Video: A Green Corn Festival Dance by our Tamaute-Creek cousins in Tamulte de Sabano, Tabasco
The Tamulte are “Southern Creeks” who fled the invasion of Chichimec barbarians into their homeland of Tamaulipas . . . southward to their Chontal Maya cousins in Tabasco . . . when most of their neighbors headed ultimately to the Peach State. Tamulte is their Spanish name. They called themselves the same name both in Mexico and the Southeastern United States – Tamaul-te. Their dialect is so close to Hitchiti that Miccosukee and Tamulte can understand the gist of what each other are saying.
The Tamulte are the only indigenous people in Mexico, who celebrate the Green Corn Festival and set their New Year on the Summer Solstice. All other Mesoamerican peoples hold the New Year on the Winter Solstice. They are also the only indigenous people in Mexico, who cultivate sweet corn and eat corn on the cob. They also like their versions of brunswick stew, grits, hominy, batter fried fish and hush puppies. However, their favorite way to cook corn is the steaming of . . . you guessed it . . . tamales! Tamales were a favorite food of the Creeks until the Indian Removal Period.
The music that you are about to hear is also authentic Creek music. It was syncopated and was produced by musicians, playing at least 32 different wind and percussion instruments. The principal drum looked something like a conga drum, but there were MANY other types of percussion instruments, played by the ancestors of the Creeks. Wind instruments varied in pitch from a piccolo to a bassoon. The Creeks also played zampaňa’s (panpipes) made of copper or river cane. Many copper panpipes have been found at Creek town sites in Georgia.
I have noticed in my visits to Oklahoma that the Muskogee Creeks seem to have completely forgotten their traditional music and instruments. What one only hears is the slow, mournful acapella songs of frontier Protestant churches or at dance grounds, the the boom-boom-boom of Plains Indian drums and perhaps a Plains Indian flute. One must go back to Southern Mexico or Eastern Peru to hear the music, which early European explorers heard.
This particular dance was performed during the Green Corn Festival in the Southeast by young women, who were single and available. You can see the red circle on their authentic Tamaulte dresses. The red circle both symbolized the sun of the Summer Solstice, plus something else. In the Southeast, these women would have also painted red circles on their cheeks, if they were looking for a serious boyfriend or husband. This dance demonstrates the young women’s personal dignity, graceful figures and agility.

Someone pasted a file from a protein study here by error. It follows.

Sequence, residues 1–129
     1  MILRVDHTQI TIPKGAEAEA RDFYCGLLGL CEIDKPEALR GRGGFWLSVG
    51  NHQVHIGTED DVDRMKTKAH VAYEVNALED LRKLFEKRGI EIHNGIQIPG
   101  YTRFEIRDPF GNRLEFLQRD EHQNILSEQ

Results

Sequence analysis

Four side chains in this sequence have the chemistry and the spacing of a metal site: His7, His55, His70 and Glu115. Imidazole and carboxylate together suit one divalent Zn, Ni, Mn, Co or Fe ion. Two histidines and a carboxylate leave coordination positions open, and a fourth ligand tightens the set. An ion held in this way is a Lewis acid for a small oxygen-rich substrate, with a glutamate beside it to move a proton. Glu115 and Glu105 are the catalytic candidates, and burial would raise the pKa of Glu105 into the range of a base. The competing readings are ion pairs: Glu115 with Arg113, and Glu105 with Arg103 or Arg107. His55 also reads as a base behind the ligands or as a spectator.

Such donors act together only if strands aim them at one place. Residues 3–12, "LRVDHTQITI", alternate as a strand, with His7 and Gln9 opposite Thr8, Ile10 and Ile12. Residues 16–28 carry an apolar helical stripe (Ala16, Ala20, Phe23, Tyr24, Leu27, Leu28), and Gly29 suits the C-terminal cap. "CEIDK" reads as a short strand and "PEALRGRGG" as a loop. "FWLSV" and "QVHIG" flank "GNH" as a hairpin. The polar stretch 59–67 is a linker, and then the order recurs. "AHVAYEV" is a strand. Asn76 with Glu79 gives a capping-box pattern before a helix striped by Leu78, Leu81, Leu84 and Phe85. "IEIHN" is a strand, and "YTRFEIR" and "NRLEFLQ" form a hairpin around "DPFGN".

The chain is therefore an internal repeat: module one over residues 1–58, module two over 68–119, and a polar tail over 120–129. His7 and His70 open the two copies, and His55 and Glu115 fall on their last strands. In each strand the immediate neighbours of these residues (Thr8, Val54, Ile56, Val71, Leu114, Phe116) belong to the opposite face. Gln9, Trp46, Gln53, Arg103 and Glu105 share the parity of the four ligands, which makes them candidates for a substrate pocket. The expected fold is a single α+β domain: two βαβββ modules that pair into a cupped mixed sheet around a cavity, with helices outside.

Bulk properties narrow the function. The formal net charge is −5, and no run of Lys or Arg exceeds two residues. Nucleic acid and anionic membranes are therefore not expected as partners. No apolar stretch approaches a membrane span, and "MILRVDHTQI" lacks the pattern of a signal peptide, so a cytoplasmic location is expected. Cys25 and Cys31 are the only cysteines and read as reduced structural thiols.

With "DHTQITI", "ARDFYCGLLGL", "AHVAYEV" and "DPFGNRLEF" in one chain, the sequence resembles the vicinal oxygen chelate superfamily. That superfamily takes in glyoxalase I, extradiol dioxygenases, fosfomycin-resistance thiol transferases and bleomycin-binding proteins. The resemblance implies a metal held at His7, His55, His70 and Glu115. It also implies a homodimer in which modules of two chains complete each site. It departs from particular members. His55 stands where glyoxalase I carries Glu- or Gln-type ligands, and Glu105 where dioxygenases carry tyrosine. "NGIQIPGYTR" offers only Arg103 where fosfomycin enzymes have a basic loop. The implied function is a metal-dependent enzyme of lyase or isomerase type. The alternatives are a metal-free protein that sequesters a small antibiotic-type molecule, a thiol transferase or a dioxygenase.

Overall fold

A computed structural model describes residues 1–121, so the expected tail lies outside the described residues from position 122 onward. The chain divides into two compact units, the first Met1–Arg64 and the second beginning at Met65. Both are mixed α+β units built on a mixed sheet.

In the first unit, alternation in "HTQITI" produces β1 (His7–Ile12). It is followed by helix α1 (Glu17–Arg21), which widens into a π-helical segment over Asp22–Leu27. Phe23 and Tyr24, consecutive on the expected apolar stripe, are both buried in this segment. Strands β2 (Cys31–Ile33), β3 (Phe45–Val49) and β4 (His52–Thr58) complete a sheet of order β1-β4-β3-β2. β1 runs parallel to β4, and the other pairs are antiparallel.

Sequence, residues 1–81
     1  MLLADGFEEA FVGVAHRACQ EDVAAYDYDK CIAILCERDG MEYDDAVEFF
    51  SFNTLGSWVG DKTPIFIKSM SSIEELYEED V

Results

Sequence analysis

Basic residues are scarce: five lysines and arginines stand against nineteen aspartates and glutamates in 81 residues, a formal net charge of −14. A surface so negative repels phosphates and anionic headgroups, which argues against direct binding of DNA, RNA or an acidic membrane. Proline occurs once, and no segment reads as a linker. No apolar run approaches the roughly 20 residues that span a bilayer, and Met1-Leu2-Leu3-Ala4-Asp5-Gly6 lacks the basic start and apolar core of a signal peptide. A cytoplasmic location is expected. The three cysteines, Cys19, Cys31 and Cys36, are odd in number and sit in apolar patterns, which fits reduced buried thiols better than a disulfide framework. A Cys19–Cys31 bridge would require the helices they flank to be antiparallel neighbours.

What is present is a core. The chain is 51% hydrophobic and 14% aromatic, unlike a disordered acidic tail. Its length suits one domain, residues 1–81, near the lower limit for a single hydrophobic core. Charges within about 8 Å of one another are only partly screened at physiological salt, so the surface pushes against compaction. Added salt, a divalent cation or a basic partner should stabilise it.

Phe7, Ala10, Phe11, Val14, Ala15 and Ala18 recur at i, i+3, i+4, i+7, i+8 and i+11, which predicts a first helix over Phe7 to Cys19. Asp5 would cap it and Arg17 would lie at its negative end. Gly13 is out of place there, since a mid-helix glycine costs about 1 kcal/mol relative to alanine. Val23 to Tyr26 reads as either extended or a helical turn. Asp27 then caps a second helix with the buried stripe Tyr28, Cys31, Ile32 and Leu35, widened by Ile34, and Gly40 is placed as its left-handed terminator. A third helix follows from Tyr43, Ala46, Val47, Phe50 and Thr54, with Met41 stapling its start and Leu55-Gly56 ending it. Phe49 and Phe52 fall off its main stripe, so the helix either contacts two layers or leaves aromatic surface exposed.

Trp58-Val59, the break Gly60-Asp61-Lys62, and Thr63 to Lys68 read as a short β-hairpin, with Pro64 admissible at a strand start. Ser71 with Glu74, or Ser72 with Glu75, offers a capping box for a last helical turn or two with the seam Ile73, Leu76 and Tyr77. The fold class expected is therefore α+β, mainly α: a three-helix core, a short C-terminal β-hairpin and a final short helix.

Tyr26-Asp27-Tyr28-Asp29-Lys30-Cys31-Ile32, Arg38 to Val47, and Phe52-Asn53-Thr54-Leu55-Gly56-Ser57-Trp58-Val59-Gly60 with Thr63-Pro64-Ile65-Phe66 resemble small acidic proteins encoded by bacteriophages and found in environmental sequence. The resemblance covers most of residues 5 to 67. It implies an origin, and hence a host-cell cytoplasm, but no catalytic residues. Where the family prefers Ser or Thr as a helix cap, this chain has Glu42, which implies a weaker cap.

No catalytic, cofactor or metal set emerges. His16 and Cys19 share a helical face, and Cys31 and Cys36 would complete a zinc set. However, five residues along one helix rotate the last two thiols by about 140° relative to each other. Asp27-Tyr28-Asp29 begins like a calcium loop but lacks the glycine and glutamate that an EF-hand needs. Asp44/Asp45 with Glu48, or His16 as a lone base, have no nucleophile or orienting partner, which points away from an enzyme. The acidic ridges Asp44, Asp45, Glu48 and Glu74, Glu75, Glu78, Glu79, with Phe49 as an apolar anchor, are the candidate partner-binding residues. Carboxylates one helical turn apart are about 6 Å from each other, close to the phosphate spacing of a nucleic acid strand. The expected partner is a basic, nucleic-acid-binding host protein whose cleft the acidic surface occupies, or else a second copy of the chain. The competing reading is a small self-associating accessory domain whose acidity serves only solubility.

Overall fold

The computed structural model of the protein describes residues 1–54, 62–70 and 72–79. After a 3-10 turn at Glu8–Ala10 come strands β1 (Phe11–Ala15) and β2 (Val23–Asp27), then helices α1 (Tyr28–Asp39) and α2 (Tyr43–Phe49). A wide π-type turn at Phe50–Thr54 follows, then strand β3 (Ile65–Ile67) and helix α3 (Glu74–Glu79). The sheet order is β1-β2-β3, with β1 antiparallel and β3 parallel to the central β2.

As you can see in the background of the stage, most Tamulte have joined the Zapatista Movement. The Zapatista Movement has caused a flowering of indigenous arts and music in the Maya regions of Mexico. The Tamulte are demanding autonomy from the federal government in their educational system, use of Zapatista soldiers to eliminate organized crime, plus the return of lands stolen from them by wealthy families in Central Mexico.
The cousins of the Tamulte, who went northeast established a province on the Altamaha and Lower Oconee Rivers was called Tamaule. Their capital was Tama. It was visited by Hernando de Soto in the spring of 1540. Known variously a the Tamaute, Tamatli, Tamale or Tamasi, these people were an important division of the early Creek Confederacy. Most of the Tamaulle either assimilated with their European and African neighbors in Georgia or else moved to Florida and became Seminoles. The majority did not want to be forced to speak Muskogee, which was quite different from their Maya-based language. Tamachichi (Tomochichi) was undoubtedly an Tamaule , because his name is 100% Tamaule Maya.
The remnants of their colonies of Tamasi in NW South Carolina and Tamatli in North Carolina joined the Cherokee Alliance. Nevertheless, the leader of the Tamatli among the Overhill Cherokees in 1763 still had an Itsate-Maya title of Mako and a Tamulte Maya name. The Tamatli Cherokees maintained their separate identity at that time by building sophisticated rectangular Maya style houses, which were stuccoed with white clay plaster, reinforced with crushed mussel shells.
And now . . . on with the show!
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Richard Thornton is a professional architect, city planner, author and museum exhibit designer-builder. He is today considered one of the nation’s leading experts on the Southeastern Indians. However, that was not always the case. While at Georgia Tech Richard was the first winner of the Barrett Fellowship, which enabled him to study Mesoamerican architecture and culture in Mexico under the auspices of the Institutio Nacional de Antropoligia e Historia. Dr. Roman Piňa-Chan, the famous archaeologist and director of the Museo Nacional de Antropologia, was his fellowship coordinator. For decades afterward, he lectured at universities and professional societies around the Southeast on Mesoamerican architecture, while knowing very little about his own Creek heritage. Then he was hired to carry out projects for the Muscogee-Creek Nation in Oklahoma. The rest is history.Richard is the Tribal Historic Preservation Officer for the KVWETV (Coweta) Creek Tribe and a member of the Perdido Bay Creek Tribe. In 2009 he was the architect for Oklahoma’s Trail of Tears Memorial at Council Oak Park in Tulsa. He is the president of the Apalache Foundation, which is sponsoring research into the advanced indigenous societies of the Lower Southeast.
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